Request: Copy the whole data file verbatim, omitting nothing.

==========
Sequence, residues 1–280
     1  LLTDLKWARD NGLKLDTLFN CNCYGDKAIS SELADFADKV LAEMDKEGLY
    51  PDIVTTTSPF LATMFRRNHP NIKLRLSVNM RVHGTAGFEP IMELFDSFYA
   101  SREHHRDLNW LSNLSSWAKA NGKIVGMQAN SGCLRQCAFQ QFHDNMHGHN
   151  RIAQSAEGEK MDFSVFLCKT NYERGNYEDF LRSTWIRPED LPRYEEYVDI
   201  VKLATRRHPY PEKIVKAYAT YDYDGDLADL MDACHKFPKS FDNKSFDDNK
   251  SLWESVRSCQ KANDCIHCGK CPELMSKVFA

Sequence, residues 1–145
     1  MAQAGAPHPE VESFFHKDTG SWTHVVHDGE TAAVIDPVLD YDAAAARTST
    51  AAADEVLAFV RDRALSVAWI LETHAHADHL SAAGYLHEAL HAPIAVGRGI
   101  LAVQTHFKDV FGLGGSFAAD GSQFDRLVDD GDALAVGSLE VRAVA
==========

Sequence, residues 1–280
     1  LLTDLKWARD NGLKLDTLFN CNCYGDKAIS SELADFADKV LAEMDKEGLY
    51  PDIVTTTSPF LATMFRRNHP NIKLRLSVNM RVHGTAGFEP IMELFDSFYA
   101  SREHHRDLNW LSNLSSWAKA NGKIVGMQAN SGCLRQCAFQ QFHDNMHGHN
   151  RIAQSAEGEK MDFSVFLCKT NYERGNYEDF LRSTWIRPED LPRYEEYVDI
   201  VKLATRRHPY PEKIVKAYAT YDYDGDLADL MDACHKFPKS FDNKSFDDNK
   251  SLWESVRSCQ KANDCIHCGK CPELMSKVFA

Sequence, residues 1–145
     1  MAQAGAPHPE VESFFHKDTG SWTHVVHDGE TAAVIDPVLD YDAAAARTST
    51  AAADEVLAFV RDRALSVAWI LETHAHADHL SAAGYLHEAL HAPIAVGRGI
   101  LAVQTHFKDV FGLGGSFAAD GSQFDRLVDD GDALAVGSLE VRAVA